August 16, 2016

Article at El Restaurante Trade Magazine

Paleteria y Neveria El Paisanito

There's an icy and authentic taste of Michoacán in Oregon's Willamette Valley. Just 40 miles south of Portland, in tiny Woodburn, a family-run shop crafts a rainbow of traditional Mexican popsicles and ice cream.

Founded in 2006 by Michoacán natives Daniel and Bertha Gomez, Paleteria y Neveria El Paisanito is a popular stop on historic Front Street, where the flavors of Mexico manifest at a nearby carniceria and several grocery stores and eateries--including Luis's Taqueria, which hosted a surprise visit from then-Senator Obama, on the presidential campaign trail in 2008.

They sell ice cream and sorbet by the scoop, in flavors reflecting nearby fields--like strawberry, raspberry and rose petal--as well as exotic flavors from distant tropical shores, like mamey, nance, soursop, avocado, sapote and coconut.

Two categories of paletas are neatly stacked in glass-topped freezers. By the register customers can grab paletas in individually sealed, labeled packages, retailing for a dollar each and also available wholesale. Flavors include cucumber with chile, chocolate, walnut, rice pudding, watermelon, lime and many more. Behind the counter are the paletas artesanales. Available only in-house, these two-dollar gems are slipped into clear unsealed pouches, and include flavors such as cookies and cream, strawberries and cream, mango with chile, and vanilla, coconut or strawberry dipped in chocolate and nuts or coconut.

However, their signature item and biggest seller is the diablito--"little devil"--a bewitching blend of cold and spice, sweet and sour. It starts as an ordinary raspado: Finely ground ice topped with fruit in syrup, usually mango. With a generous dose of chile and lime on top, it's transformed into the addictive diablito. Other beverages on the menu include raspados, aguas frescas, and milkshakes.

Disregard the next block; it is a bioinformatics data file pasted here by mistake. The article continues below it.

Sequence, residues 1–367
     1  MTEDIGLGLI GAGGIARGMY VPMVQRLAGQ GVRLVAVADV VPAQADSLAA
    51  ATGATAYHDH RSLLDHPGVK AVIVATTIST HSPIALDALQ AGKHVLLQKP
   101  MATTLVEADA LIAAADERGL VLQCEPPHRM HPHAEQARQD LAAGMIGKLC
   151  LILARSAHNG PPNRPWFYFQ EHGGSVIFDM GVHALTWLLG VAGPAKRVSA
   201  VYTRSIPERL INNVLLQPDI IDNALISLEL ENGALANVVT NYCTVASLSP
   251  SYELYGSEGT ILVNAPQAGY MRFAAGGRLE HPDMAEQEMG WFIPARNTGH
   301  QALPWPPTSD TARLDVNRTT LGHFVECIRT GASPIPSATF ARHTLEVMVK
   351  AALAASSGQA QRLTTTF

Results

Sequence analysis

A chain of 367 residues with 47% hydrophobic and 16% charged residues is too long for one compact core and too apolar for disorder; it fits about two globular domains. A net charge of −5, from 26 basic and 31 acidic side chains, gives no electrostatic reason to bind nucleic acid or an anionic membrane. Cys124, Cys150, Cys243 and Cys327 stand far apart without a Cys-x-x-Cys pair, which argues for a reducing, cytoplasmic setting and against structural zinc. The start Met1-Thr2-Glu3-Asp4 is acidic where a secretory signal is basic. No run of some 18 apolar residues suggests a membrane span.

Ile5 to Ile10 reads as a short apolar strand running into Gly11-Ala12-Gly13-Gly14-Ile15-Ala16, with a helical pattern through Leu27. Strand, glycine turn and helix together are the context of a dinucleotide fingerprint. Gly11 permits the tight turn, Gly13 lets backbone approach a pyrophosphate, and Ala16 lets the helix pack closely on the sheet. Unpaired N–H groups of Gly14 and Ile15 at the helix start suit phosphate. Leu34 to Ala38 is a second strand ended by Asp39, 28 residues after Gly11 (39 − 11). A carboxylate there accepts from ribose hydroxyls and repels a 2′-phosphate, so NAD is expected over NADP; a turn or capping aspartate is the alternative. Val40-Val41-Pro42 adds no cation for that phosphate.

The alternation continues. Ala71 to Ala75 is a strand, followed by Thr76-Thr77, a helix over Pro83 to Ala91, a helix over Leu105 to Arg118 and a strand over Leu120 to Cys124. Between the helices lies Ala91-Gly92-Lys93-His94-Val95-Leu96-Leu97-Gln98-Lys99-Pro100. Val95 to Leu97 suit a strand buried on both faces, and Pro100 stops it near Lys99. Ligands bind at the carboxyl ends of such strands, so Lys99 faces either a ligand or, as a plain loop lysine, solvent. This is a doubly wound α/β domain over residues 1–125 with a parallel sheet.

In the back room, the production rhythm changes daily with demand and ingredients. When paletas are on the schedule, a team of three can make 3,000 or more in an eight-hour shift. Each batch of paletas freezes in 30 minutes--a fruity blend is poured into stainless steel molds and partially submerged in a circulating sub-zero liquid until solid.

Bertha develops the recipes, and daughter Erica Jauri, who helps with production and customer service, says "There are seven kids, and everyone has a part in it. The oldest brother, he's very smart with computers, so he does the website and all the graphic design. Another brother, he's very artistic: he designed the logo and painted the interior. Everyone else is more hands-on in the shop."

Previously, the Gomez family operated an ice cream truck, and travelled to Washington state to buy paletas, identifying a gap in the Oregon market. How did they learn to make their products? "We learned in Michoacán ," says Daniel. "And each year, we close October through January, so we take three months in Mexico and learn more from family and friends. We always try to bring back something new to our business." He's grateful to take time away from the shop each winter, but "the best part is working together with the family."